Numerous Questions Ahead for OKC’s Offseason


A botched inbounds play that prevented a potential game-tying or game-winning shot was not the way the Oklahoma City Thunder wanted their season to end. Despite all the effort put in to overcome an early 2-0 series deficit and force a Game 7 against one of the top teams in the Western Conference, Oklahoma City’s season ended the same way as it did in the previous three seasons– a first-round exit.

But unlike Oklahoma City’s previous three playoff exits, this year’s was different. OKC wasn’t supposed to sniff the playoffs to begin with. Prior to the start of the 2019-20 season, ESPN’s BPI gave the Thunder a 0.2 percent chance of making the playoffs after the departures of  Russell Westbrook, Paul George and Jerami Grant.

But Chris Paul had a different plan in mind.


Under Paul’s leadership, the Thunder compiled a 44-28 record, good enough to earn the fifth seed in the West. Not only was the Thunder’s record impressive, they also ranked as the NBA’s best team in the clutch led by the league’s best lineup statistically of Paul, Shai Gilgeous-Alexander, Dennis Schröder, Danilo Gallinari and Steven Adams.

While the ending to the season was certainly disappointing, it was still a massive success and should be something that the team and their fans are proud of, because the future in Oklahoma City is certainly bright.

That being said, OKC has a very busy offseason ahead of them consisting of many questions they must answer in regards to the future of the team.

Offseason Preview

Who will be the new head coach?

Less than a week after OKC’s playoff exit, the team shockingly announced that they had mutually agreed with head coach Billy Donovan to part ways. It was expected that Thunder General Manager Sam Presti would offer Donovan, this year’s co-Coach of the year (voted by fellow NBA coaches) and Coach of the Year second runner-up (voted by media), a contract extension, but the two sides ultimately decided against it. Donovan recently agreed to become the new head coach of the Chicago Bulls.

As a result, Oklahoma City will join a multitude of teams who are in the search for a new coach. Some big names the Thunder could pursue include Brett Brown, Nate McMillan, Kenny Atkinson and Becky Hammon.

Chris Paul’s future

Despite many entering the season viewing Paul as a washed-up and injury-ridden point guard, the Point God put together an impressive season, showing he has much more left in the tank. Statistically, Paul averaged 17.6 points (49% FG), 6.7 assists, five rebounds and 1.6 steals per game. On top of that, CP3 ranked as the NBA’s number one player in the clutch, averaging 3.5 points on 52.2 percent shooting.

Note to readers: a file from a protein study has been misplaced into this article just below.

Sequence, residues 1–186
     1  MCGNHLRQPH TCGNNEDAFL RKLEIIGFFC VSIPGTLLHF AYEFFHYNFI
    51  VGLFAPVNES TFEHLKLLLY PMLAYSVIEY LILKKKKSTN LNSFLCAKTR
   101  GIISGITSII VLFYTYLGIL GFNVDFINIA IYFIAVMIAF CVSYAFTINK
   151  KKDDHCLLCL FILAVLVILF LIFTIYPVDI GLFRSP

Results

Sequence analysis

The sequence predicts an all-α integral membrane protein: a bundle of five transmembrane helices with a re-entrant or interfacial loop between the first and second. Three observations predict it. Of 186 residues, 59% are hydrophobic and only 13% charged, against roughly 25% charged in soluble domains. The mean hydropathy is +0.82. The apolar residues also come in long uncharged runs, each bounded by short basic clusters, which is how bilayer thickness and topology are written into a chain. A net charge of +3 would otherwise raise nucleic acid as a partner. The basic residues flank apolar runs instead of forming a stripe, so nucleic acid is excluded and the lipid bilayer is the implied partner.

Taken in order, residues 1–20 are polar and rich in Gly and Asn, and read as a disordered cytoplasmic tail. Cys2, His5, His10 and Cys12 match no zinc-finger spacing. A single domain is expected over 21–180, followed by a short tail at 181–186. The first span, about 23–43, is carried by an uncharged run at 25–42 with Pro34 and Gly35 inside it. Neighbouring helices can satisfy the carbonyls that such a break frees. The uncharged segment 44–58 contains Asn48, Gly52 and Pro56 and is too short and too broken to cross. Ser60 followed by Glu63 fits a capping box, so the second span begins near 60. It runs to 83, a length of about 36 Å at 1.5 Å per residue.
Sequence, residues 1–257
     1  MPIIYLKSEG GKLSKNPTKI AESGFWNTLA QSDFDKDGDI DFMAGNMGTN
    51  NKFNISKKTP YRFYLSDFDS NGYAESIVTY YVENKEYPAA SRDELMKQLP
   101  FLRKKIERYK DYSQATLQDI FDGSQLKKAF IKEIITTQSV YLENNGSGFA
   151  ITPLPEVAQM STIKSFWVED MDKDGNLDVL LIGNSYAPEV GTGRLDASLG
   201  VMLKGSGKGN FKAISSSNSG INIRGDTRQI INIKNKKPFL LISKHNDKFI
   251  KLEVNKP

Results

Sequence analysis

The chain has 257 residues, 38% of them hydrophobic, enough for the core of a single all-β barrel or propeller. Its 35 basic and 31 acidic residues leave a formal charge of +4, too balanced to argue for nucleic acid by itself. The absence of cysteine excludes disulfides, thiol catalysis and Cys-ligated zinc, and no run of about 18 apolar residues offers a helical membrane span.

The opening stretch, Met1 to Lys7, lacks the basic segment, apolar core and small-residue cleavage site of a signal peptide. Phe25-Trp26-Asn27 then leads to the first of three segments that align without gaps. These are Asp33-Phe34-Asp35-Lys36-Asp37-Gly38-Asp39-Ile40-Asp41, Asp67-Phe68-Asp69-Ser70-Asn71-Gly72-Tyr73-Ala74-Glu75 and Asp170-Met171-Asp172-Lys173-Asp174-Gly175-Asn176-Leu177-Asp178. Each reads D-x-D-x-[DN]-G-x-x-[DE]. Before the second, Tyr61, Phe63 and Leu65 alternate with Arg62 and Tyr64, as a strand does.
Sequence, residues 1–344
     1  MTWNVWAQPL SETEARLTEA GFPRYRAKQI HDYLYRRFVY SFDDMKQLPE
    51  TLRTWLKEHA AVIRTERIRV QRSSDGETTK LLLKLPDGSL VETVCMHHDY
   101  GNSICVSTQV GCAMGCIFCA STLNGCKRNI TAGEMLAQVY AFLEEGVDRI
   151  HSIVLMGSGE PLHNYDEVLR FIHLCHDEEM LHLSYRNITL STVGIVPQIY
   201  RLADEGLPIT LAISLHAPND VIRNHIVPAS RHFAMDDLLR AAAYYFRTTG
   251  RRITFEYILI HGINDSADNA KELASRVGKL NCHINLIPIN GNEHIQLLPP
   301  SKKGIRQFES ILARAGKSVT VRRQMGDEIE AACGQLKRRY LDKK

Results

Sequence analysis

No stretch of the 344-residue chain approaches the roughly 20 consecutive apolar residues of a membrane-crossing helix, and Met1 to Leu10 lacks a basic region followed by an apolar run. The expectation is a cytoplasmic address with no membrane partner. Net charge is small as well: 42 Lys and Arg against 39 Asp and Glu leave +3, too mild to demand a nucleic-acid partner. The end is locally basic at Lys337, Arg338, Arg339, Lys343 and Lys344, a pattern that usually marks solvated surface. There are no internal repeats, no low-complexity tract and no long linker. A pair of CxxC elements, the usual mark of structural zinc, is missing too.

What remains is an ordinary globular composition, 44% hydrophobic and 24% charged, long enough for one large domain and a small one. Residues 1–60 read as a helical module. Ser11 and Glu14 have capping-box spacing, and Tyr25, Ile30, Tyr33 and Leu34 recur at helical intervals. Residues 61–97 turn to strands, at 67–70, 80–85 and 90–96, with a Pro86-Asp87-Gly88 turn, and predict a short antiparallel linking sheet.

Paul’s stats speak for themselves, but what was even more important were the intangibles he brought to a young Thunder team. His on- and off-court leadership was exceptional. Paul also served as a mentor to guys like SGA and Schröder, taking every opportunity he had to pass on some of his wisdom to the young guards.

With that being said, the Thunder must decide what to do with Paul. Do they keep him and attempt to run it back, or do they trade him to bring in more young players and future draft picks as they look towards the future? There are pros and cons to both scenarios.

OKC would love to keep Paul around because of his leadership, but this means holding on to the 35-year-old’s massive contract, which guarantees him a little more than $85 million over the next two seasons (assuming he opts in for 2021-22). On the flip side, trading Paul to a contending team in need of a point guard will free up this abundance of cap space, but it will almost certainly diminish Oklahoma City’s chance to repeat the success they had this season.

Lu Dort’s shooting

Rookie Luguentz Dort took the league by storm this year. Going from undrafted on a two-way contract to becoming a starter for a playoff team and signing a four-year, $5.4 million contract all in the span of his rookie season is nothing short of impressive.

The main reason Dort made such an impressive jump in his rookie season is because of his defense. Dort is a special kind of player who has the strength, size and lateral quickness to guard anybody in the league. A perfect example of this is the job he did on James Harden — one of the NBA’s best one-on-one scorers — in the playoffs.